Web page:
FCAThe UK’s FCA (Financial Conduct Authority) has issued a statement which warns consumers about the risks associated with investing in crypto assets. It emphasises that if consumers invest in these types of product, they should be prepared to lose all their money.

The FCA also says it is aware that some firms are offering investments in cryptoassets, or lending or investments linked to cryptoassets. These promise high returns. Investing in cryptoassets, or investments and lending linked to them generally involves taking very high risks with investors’ money.

What are the risks, per the FCA?

The FCA’s concerns about high-return investments based on cryptoassets include:

  • consumer protection: some investments advertising high returns based on cryptoassets may not be subject to regulation beyond anti-money laundering requirements.
  • price volatility: significant price volatility in cryptoassets, combined with the inherent difficulties of valuing cryptoassets reliably, places consumers at a high risk of losses.
  • product complexity: the complexity of some products and services relating to cryptoassets can make it hard for consumers to understand the risks. There is no guarantee that cryptoassets can be converted back into cash. Converting a cryptoasset back to cash depends on demand and supply existing in the market.
  • charges and fees: consumers should consider the impact of fees and charges on their investment which may be more than those for regulated investment products.
  • marketing materials: firms may overstate the returns of products or understate the risks involved (or even wrap the appeal with words like blockchain, high returns, etc.).

In essence, consumers should be aware of the risks before considering whether investing in high-return investments based on cryptoassets is appropriate. According to the FCA, potential participants should check and carefully consider the cryptoasset business involved.

What might be missing?

As with all high-risk, speculative investments, the FCA worries that consumers should make sure they understand:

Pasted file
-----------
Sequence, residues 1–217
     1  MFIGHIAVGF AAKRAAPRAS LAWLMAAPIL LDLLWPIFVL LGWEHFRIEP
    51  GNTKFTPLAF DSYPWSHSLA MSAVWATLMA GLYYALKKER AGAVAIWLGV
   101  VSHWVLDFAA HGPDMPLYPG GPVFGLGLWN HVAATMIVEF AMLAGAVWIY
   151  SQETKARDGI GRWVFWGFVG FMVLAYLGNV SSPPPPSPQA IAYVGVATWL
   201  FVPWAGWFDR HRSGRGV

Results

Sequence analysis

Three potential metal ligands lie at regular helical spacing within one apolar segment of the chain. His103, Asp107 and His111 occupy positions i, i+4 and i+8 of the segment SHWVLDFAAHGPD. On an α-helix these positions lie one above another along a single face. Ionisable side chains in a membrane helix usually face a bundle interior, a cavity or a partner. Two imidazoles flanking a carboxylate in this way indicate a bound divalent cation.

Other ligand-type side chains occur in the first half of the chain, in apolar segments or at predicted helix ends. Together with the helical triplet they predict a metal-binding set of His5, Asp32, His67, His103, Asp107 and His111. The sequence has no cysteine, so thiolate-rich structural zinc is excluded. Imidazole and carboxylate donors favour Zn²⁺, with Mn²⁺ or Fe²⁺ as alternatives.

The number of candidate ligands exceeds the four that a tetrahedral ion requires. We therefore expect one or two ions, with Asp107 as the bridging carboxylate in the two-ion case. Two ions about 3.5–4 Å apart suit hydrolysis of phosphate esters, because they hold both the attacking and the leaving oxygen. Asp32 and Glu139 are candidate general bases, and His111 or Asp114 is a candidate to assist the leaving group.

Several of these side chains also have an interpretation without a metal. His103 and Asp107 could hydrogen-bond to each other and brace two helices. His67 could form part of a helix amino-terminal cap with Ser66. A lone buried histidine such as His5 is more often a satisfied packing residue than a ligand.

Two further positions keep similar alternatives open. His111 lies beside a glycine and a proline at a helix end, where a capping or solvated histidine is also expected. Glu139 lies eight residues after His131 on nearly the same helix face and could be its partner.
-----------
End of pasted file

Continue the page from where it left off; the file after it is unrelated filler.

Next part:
• their proposed investments
  • the risks associated with investing
  • the existence, or not, of any regulatory protections that might apply.

For example, the FCA says with many cryptoasset-related investments, consumers are unlikely, if something goes wrong, to have access to:

  • the Financial Ombudsman Service (FOS)
  • the Financial Services Compensation Scheme (FSCS) if something goes wrong.

In addition, the FCA warns consumers to be wary if:

  • contacts occur ‘out of the blue’
  • there is pressure to invest quickly
  • promised returns sound too good to be true.

Firms offering cryptoasset products ‘should’:

  • comply with all relevant regulatory requirements
  • ensure they have authorisation from the FCA – where this is a requirement.

The FCA goes further. Consumers can find out more about which cryptoasset activities the FCA regulates in PS19/22: Guidance on Cryptoassets. The FCA’s ScamSmart pages also provide information about how consumers should protect themselves from fraud.

Enterprise Times: what does this mean

As the Bank for International Settlements has previously warned (in 2020), cryptoassets have dangers associated. The FCA’s warning re-emphasises this – and consumers can include enterprises.

Unusually (for a regulator), the FCA provides practical advice as to the steps consumers (or enterprises) should take. According to the FCA consumers should:

  • check if the firm they are thinking of investing in/with is on the Financial Services Register or list of firms with Temporary Registration. However, appearing on the Temporary Registration Register does not mean that the FCA has assessed a firm as fit and proper, nor that the FCA has determined whether its application is satisfactory for the purposes of money laundering regulations.
  • if a firm is not registered, ask whether it is entitled to carry on business without being registered with the FCA.
  • if the firm fails this second ‘test’, consumers should withdraw their cryptoassets and/or money (because the firm is operating illegally if it had not ceased trading by 9 January 2021).

From 10 January 2021, all UK cryptoasset firms must possess a registration with the FCA. This obligation comes under regulations intended to tackle money laundering. Operating without a registration is now a criminal offence.

Tough words. But, in a time when Bitcoin can lurch almost US$9000 (or ~25%) in a day, the FCA’s warning seems reasonable. The risk does exist that anyone can lose all that they have invested.


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